Universal Life Church

Mormon parade walkers marching for equalityIn a stunning move on April 4 of this year, The Church of Jesus Christ of Latter-day Saints, commonly known as the Mormon Church, announced that it will now baptize the children of LGBT parents. This new policy reverses the church’s previous stance, as enunciated in its controversial — some would say infamous — 2015 edict forbidding such baptisms unless the child was at least 18 years of age and had denounced his or her parents, renounced same-sex marriage, and moved out of the parents’ home.

The new policy, announced at the church’s annual conference, allows these children to be baptized at the age of eight, the customary baptismal age for Mormon children, on the condition that their parents know and approve of the fact that their children will be taught church doctrine, including its historical and continuing opposition to homosexual relationships.

At the conference, the church likewise abolished its longstanding rule that couples in same-sex marriages were to be considered apostates subject to excommunication from the church and other drastic discipline. Per the new rule, same-sex marriages are now considered only a “serious transgression,” not outright apostasy.

Discriminatory History

The LDS Church is the fourth largest Christian denomination in the United States and boasts over 16 million members worldwide. Its teachings emanate from four sources:

  • The King James Version of the Bible
  • The Book of Mormon: Another Testament of Jesus Christ that claims to be a record of God’s dealings with the inhabitants of ancient America from 2000 BC to 400 AD
  • The Doctrine and Covenants, a collection of “revelations and inspired declarations” given for the establishment and regulation of the Church of Jesus Christ in the last days (1830 AD–1978 AD)
  • The Pearl of Great Price, a selection of revelations, translations, and writings of Joseph Smith, founder of the LDS Church

Since its inception by Joseph Smith in 1830, the LDS Church has always seen homosexuality as a sin. However, Mormon doctrine has long distinguished between same-sex attraction and same-sex behavior. Current policy holds that same-sex attraction itself is not sinful, since those who feel it do not choose to feel this way, but acting on those feelings constitutes a sin.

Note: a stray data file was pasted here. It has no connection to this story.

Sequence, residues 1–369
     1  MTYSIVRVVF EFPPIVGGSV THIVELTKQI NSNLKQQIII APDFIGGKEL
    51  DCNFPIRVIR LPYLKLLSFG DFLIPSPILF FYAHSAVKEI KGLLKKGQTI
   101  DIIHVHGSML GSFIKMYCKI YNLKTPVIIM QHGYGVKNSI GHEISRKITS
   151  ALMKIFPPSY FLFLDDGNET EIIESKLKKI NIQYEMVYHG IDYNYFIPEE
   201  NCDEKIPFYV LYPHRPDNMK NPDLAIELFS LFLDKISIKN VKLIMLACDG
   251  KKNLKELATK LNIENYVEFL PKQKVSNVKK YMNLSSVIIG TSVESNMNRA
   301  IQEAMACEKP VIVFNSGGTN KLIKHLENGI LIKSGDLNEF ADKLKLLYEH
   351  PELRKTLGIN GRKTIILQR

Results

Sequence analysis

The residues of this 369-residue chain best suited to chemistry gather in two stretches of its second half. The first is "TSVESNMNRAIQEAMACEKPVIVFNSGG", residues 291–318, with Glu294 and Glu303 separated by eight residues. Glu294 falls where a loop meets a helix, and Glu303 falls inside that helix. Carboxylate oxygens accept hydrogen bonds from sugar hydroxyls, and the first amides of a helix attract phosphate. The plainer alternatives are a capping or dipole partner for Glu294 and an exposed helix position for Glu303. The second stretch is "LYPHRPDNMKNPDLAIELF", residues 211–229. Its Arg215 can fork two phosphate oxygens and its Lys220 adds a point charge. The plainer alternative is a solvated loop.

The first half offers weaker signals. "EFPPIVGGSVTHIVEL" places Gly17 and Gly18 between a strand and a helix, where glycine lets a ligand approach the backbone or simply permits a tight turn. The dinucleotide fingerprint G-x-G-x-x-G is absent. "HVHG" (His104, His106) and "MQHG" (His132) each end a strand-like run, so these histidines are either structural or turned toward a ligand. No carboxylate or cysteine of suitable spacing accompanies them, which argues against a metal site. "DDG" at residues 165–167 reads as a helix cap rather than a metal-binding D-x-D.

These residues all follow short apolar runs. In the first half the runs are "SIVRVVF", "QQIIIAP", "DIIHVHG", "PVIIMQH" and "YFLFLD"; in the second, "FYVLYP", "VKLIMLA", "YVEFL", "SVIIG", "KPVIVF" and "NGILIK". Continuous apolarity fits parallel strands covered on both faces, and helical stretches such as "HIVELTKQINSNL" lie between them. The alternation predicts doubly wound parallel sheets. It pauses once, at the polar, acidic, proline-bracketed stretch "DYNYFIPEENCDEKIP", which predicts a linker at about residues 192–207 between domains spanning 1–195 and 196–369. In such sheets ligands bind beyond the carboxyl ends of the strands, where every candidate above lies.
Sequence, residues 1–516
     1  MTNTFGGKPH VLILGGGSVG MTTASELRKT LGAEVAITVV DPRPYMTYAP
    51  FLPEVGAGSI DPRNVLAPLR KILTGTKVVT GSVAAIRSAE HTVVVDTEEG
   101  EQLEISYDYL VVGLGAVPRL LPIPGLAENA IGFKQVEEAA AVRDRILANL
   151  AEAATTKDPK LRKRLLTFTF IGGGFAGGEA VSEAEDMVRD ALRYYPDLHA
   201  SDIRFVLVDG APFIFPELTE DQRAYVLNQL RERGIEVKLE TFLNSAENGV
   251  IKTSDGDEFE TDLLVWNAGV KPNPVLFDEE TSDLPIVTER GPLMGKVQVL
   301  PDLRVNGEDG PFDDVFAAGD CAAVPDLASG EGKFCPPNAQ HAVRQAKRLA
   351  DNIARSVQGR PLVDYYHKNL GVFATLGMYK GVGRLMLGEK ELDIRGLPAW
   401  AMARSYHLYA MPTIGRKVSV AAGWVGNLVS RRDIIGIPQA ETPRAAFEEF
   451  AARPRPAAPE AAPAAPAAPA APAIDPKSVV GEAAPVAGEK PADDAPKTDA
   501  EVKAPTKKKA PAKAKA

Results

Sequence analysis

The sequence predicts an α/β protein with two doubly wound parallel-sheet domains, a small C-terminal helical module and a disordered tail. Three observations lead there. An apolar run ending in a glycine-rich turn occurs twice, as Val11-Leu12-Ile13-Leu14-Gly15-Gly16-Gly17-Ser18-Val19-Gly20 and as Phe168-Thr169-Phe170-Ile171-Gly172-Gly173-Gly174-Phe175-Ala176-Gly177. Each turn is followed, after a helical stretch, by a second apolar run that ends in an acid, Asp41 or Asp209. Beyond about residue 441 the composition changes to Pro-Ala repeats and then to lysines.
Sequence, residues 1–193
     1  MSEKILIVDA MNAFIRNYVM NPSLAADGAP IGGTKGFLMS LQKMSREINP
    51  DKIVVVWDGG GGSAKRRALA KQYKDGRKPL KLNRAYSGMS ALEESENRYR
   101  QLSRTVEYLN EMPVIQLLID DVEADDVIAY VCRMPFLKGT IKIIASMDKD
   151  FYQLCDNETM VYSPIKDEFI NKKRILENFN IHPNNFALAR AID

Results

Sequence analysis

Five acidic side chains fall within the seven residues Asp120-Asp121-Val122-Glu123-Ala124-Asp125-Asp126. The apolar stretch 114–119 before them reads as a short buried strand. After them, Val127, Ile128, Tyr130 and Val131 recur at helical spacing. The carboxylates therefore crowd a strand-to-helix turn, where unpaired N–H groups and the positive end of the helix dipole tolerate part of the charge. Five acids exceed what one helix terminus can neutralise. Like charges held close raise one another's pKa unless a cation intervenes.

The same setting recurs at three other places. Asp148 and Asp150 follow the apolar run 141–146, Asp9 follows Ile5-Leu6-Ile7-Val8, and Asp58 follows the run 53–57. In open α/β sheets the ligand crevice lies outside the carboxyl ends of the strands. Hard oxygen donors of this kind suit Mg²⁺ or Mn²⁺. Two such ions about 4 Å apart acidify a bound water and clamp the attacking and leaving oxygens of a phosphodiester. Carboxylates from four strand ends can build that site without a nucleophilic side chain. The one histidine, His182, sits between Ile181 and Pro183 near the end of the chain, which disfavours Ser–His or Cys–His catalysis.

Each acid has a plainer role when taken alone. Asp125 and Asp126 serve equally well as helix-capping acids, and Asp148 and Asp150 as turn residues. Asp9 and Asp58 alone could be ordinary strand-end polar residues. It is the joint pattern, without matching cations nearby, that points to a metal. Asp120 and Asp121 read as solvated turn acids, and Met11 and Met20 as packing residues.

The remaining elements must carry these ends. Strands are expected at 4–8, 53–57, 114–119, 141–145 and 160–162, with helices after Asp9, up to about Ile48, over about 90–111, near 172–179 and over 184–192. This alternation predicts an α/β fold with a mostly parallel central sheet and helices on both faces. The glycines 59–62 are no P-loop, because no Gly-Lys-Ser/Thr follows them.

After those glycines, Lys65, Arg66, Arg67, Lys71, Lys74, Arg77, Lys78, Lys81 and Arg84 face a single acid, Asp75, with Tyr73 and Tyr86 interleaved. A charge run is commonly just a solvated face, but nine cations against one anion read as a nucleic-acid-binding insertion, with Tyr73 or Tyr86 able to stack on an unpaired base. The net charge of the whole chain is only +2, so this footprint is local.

This policy did not change with the new April stances. While the church holds that therapy that attempts to change a person’s sexual orientation is unethical, it still nevertheless states that people who act on their feelings of same-sex attraction have disobeyed its moral teachings and therefore may be subject to one of the following forms of ecclesiastical discipline:

  • Probation (for those who want to change their behavior)
  • Disfellowship (exclusion from participating in the sacraments of the church for a fixed period of time while they “correct their behavior”)
  • Excommunication (which not only bans them from any church participation other than meeting attendance, but also breaks their eternal ties to their families and their church)

The LDS Church allows ordination only of men, and then only for those who are not openly gay, bisexual, or transgender. Women have never been allowed to be ordained, and little hope exists that this policy will change any time soon.

Utah’s Nondiscrimination Laws

Same-sex marriages have been legal in Utah since 2014 when a federal court declared the state’s same-sex marriage ban unconstitutional. Surprisingly, top LDS leaders worked side by side with Utah lawmakers and LGBTQ advocates in 2015 to pass the state’s Equality Act that protects sexual orientation and gender identity in both housing and employment. Despite such participation, however, the church itself has yet to take an official position on the Equality Act.

The LDS Church is not the only Christian denomination dealing with LGBT issues. Leaders and members of the United Methodist Church are embroiled in a huge LGBT policy brouhaha, which many fear will result in the church officially splintering into two or more religious groups.

 

Category: Social Equality Christianity

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